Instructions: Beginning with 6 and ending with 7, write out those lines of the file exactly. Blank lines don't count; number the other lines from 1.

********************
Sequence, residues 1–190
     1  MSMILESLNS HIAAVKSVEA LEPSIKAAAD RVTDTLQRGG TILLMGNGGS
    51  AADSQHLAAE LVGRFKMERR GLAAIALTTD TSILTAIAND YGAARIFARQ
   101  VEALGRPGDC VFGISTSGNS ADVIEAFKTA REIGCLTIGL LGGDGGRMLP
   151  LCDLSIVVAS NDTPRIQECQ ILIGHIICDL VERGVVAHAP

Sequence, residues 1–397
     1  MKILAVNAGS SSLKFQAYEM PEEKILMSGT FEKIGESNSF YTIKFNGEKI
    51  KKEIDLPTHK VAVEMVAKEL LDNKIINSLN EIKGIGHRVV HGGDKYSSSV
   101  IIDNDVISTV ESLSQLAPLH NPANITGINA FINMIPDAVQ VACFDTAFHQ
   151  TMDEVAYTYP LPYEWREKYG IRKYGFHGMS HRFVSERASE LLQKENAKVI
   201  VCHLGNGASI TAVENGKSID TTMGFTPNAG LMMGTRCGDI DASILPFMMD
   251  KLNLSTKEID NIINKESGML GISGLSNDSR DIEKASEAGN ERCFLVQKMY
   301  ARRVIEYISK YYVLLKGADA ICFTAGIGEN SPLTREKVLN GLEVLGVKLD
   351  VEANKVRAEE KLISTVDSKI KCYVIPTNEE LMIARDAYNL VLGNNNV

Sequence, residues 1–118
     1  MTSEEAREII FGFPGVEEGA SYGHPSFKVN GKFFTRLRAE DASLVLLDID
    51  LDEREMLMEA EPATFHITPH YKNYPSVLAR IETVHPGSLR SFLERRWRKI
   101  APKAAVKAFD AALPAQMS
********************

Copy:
Sequence, residues 1–397
     1  MKILAVNAGS SSLKFQAYEM PEEKILMSGT FEKIGESNSF YTIKFNGEKI